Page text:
As she tells the story, she slips into flashback frequently, hence we can rebuild the events that lead to the story commencement. Before Gilead began, she had a thing with a wedded man named Luke. He separated from her and wedded Offred and had a child. Her (Offred) mother was single as well as women's rights activist. Her best friend, by the name Moira, was ferociously independent (Auerbach, Nina, and Margaret Atwood. p 1).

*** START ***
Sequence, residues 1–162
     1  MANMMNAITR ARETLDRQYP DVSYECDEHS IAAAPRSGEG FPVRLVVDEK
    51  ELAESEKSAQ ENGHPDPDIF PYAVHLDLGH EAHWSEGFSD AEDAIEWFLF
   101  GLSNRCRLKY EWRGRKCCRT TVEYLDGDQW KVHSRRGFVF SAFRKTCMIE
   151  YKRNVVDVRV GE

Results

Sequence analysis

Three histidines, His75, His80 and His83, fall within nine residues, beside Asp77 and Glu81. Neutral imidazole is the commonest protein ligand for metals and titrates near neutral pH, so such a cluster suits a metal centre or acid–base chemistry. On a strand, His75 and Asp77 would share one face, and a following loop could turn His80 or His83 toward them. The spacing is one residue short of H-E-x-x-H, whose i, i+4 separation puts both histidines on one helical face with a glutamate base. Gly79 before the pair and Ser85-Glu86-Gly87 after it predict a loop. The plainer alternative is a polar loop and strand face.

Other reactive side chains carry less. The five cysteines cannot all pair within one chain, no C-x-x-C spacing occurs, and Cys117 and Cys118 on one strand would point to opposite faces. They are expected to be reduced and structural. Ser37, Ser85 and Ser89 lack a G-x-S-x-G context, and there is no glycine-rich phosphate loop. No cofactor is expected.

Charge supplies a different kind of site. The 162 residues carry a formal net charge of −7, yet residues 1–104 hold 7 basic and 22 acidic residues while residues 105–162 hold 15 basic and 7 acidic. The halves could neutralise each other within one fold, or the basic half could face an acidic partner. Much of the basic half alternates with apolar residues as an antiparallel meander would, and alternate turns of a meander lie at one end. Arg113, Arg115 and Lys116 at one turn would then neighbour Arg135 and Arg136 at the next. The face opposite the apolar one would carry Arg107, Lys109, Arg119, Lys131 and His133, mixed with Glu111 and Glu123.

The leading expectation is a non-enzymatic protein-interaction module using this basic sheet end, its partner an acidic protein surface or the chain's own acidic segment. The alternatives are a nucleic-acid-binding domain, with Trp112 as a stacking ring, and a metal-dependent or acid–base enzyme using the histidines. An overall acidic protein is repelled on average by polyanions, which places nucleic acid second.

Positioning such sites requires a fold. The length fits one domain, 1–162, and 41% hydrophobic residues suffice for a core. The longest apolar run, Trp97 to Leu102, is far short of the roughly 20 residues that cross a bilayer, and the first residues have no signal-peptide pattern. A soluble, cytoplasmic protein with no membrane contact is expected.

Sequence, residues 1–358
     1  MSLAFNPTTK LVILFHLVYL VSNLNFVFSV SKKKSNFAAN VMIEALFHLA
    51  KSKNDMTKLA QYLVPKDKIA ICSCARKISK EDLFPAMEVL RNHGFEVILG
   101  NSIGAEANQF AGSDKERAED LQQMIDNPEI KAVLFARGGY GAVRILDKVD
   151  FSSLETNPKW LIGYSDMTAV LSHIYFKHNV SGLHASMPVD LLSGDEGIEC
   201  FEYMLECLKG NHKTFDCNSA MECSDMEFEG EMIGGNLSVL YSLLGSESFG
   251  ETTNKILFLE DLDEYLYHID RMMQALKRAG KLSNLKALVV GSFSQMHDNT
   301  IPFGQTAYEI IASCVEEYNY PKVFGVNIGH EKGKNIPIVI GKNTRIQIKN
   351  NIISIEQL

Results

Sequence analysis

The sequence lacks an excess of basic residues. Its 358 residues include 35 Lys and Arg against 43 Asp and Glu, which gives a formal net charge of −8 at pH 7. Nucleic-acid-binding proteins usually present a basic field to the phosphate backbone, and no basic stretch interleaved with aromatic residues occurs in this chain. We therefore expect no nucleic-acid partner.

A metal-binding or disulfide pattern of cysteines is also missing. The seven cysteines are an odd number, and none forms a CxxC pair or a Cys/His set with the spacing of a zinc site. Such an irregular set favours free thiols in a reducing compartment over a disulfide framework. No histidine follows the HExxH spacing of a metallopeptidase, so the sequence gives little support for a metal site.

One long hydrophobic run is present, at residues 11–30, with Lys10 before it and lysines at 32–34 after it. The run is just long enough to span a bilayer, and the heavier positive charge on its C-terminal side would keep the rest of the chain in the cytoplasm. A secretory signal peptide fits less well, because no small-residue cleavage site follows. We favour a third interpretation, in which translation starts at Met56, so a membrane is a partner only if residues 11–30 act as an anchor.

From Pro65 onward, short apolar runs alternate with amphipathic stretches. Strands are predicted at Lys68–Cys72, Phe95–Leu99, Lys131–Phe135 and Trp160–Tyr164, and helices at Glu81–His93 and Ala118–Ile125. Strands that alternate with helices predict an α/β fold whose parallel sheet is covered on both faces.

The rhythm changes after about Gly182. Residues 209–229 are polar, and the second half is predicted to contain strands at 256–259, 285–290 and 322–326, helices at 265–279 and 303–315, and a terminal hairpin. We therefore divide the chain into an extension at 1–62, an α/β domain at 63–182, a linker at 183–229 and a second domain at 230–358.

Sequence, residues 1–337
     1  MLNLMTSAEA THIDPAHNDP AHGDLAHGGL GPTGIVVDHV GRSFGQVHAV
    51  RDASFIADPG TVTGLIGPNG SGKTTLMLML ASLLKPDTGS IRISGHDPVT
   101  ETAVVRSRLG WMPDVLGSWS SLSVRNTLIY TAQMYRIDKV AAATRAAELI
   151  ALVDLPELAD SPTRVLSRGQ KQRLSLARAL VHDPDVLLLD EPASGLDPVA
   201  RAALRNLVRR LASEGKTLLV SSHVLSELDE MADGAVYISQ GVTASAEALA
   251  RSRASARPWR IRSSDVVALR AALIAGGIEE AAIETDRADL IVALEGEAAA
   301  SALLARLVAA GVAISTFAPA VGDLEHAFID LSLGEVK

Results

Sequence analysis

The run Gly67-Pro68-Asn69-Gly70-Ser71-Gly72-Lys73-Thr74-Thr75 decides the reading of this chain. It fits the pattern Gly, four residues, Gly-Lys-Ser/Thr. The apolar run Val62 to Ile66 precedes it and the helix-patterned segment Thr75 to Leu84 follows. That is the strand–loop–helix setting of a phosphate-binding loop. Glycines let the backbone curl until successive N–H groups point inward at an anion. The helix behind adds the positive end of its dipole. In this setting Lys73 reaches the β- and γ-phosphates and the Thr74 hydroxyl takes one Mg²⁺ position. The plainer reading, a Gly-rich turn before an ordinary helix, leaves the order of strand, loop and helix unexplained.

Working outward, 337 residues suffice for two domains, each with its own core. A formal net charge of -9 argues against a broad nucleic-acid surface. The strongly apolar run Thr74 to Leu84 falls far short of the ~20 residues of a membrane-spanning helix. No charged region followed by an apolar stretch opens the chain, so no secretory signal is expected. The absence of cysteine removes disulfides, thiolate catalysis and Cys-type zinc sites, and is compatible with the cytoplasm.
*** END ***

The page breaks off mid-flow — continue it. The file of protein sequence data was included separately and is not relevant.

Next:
Gilead architects began their rise to power when the vices that bedevil the society began, thus going against the religious doctrines set out by the initiators, for example, available pornography, the prostitution, and gender-based violence, and when pollution and the chemical spillage affected the fertility rates. By use of the military, they assassinated the president and other government officials. And launch a coup claiming it was temporary. What followed immediately, was a crackdown on women's constitutional rights. They weren't supposed to hold any property whatsoever or offered a job. Luke, took her and their daughter and tried to flee to Canada, but were held and alienated. She has neither seen her daughter nor her husband since it happened. (Bouson, J. Brooks. p 23)